Dethroned starts off the track list with their brand of blasting death metal. Guttural vocals accompany muted and tremoloed riffs and frantic blast-beats. The tempo goes from fast to surprisingly rapid when the drummer turns on his turbo. The pillar of their sound is their walloping weight. Each song packs a punch and leaves you with images of giants crushing whole armies and ravaging towns in the winter snow. The image gains strength from the vocals, because they really sound like an irate Jotun. Dethroned were always fun to see live, especially when they growl out their song titles before each count-off. Their intensity is amped even more on stage, and they entice head banging very well. They are definitely one of the more brutal bands Colorado has ever produced—death metal with no time for frivolous melodies or solos.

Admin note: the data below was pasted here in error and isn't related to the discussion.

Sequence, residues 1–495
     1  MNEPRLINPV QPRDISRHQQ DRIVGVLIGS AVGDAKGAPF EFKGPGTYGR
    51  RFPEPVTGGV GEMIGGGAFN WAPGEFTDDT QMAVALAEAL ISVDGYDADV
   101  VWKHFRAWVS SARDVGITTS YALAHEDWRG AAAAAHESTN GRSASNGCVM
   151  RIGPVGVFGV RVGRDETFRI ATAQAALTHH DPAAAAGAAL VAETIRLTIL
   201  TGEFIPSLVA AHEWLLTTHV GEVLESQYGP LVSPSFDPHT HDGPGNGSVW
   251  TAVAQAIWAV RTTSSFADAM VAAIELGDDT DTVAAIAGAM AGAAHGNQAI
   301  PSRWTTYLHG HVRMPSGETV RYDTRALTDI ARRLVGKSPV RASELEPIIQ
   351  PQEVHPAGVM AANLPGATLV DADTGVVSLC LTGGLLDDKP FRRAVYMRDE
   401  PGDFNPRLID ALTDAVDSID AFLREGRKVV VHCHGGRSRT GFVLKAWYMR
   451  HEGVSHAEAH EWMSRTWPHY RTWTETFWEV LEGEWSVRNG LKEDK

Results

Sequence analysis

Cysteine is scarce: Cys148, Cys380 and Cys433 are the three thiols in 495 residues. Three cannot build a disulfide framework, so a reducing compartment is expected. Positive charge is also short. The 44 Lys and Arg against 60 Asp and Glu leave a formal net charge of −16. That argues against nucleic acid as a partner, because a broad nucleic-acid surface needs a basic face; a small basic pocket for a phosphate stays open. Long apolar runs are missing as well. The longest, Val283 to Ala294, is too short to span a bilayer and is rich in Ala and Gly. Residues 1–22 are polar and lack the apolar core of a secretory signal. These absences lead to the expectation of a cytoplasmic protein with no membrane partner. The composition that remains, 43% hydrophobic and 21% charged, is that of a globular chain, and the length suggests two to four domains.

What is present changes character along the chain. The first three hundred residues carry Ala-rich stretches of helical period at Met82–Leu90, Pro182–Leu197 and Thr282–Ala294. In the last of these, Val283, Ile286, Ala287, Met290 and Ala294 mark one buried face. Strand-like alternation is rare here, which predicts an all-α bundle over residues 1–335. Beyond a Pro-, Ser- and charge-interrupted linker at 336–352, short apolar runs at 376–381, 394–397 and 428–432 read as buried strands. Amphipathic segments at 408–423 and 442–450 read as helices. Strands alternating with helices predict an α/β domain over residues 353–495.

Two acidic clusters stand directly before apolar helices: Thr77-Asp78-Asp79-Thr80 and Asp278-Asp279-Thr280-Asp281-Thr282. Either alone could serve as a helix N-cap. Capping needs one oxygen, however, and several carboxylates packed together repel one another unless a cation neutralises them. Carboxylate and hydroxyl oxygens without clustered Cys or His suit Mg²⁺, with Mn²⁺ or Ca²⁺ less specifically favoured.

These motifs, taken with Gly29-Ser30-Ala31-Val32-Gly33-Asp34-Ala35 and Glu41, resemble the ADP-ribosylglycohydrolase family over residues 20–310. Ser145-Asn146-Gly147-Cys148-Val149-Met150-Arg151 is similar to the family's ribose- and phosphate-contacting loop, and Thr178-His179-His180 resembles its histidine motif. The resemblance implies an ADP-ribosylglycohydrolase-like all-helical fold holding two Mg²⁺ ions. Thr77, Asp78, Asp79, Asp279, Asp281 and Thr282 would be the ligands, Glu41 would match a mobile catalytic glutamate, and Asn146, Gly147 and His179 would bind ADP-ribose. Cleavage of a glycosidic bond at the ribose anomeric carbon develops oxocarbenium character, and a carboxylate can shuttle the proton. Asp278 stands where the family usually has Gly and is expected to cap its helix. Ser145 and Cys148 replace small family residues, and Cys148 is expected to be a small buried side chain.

Excommunion continues the album with their more fuzzy sound, which is reminiscent of heavy black metal if you disregard the croaking vocals. Unfortunately, Excommunion have less interesting riffs and melodies than Dethroned and quickly reminds of how boring so much uninspired death metal is. The low point of their side of the split is definitely the vocal work, which gets irritating before you’re halfway through their songs. The last two songs pick up a bit because of the added higher vocals and some more varying song structure and more gripping riffs, but it definitely cannot compete with the Dethroned half.
Though both bands are dissolved now, this split is a great remnant of their brutality.